Health Reform: Democrats promise their plan will improve care at lower cost while thinning the ranks of the uninsured. How will they do this with fewer doctors?

America's population is 305 million. If the Democrats are correct about the number of uninsured, roughly 260 million are covered by a health care plan. When the insured — and the uninsured who use the traditional method of paying out of pocket — are sick, they are treated by 800,000 physicians.

It would be foolish to believe that today's already stretched doctor-patient ratio will remain stable. In the near future we will have fewer doctors treating a growing population.

Physician search firm Merritt, Hawkins & Associates estimates that by 2020 we'll need 90,000 to 200,000 more doctors than we'll have then. As alarming as that estimate is, it could be low.

Last August, our IBD/TIPP Poll found that 45% of doctors would consider leaving their practices or taking early retirement if the Democrats' version of reform were to become law.

Last month, 26% of physicians responding to a Web poll on, which calls itself "the largest online physician community," said they had been forced to close, or were considering closing, their solo practices.

Reasons include "low and delayed reimbursements, problems with management companies, and a lack of business/practice management education," as well as high malpractice insurance costs.

Not every doctor who told these polls that he or she would consider leaving the field will do so. Some will go into group practices and others move on to positions at hospitals and in the military. Another group will change nothing.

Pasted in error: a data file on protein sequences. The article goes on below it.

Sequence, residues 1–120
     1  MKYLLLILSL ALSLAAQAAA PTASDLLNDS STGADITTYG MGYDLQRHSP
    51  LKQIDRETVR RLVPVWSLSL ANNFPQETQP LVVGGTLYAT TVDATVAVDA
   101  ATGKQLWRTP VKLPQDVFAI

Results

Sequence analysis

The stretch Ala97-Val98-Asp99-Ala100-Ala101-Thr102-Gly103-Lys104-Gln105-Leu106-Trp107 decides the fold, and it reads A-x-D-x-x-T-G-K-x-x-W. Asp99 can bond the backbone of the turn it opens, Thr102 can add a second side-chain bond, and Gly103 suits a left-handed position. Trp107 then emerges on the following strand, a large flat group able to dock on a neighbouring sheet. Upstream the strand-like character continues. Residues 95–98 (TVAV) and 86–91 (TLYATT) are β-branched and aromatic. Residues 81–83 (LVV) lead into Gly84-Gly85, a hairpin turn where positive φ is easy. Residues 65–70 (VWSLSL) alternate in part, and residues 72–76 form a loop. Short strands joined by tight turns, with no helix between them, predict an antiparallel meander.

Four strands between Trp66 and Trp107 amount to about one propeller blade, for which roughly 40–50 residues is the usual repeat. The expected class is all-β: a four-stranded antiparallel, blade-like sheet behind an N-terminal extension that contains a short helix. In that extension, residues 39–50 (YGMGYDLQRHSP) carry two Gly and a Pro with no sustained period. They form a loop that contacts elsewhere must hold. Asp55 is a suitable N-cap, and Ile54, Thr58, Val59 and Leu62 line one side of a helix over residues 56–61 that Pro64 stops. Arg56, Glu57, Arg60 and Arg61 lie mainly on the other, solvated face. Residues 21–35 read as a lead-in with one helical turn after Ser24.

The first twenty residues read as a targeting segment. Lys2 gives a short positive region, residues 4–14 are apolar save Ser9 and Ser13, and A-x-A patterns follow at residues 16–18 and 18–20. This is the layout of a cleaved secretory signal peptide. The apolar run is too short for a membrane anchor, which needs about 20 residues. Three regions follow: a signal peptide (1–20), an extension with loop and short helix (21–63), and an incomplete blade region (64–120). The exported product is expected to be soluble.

Even if half followed through with their threats, our care will suffer. If the Democrats' plans become law, fewer than 700,000 physicians would be available to treat a patient population growing in size, aging in years, shunning medical education and receiving "free" health care or insurance coverage from the government in increasing numbers.

The result will be longer wait times to see a doctor and a decline in the high quality of care Americans are accustomed to as overworked physicians try to keep up.

To see how this works in reality, look at the Canadian and British government health systems that encourage unnecessary doctor visits with the illusion of free care. Both have long, and sometimes deadly, wait times. Neither provides treatment as high in quality as what's found in the U.S, where the system is supposedly broken.

With demand for doctors already outstripping supply, the last thing we need is to aggravate the situation with poorly thought-out public policy.

Washington has meddled in health care too much already.


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Nov 21

Obamanocare Mandates A Government Commission That Will Ration Care and Restrict Treatment Options

Despite inexorable denials by Obama, Pelosi and Congressional Democrats, the basic fiscal tenet of Obamanocare is rationing of healthcare. Plain and simple. Ignore the prevarications about rationing, cost savings, compassionate care, keeping your own doctor who will make the healthcare decisions along with you, etc. These are all part of the nefarious scheming intended to deceive the public about their ultimate goal of government control of healthcare, transfer of wealth and further aggrandizement of government power.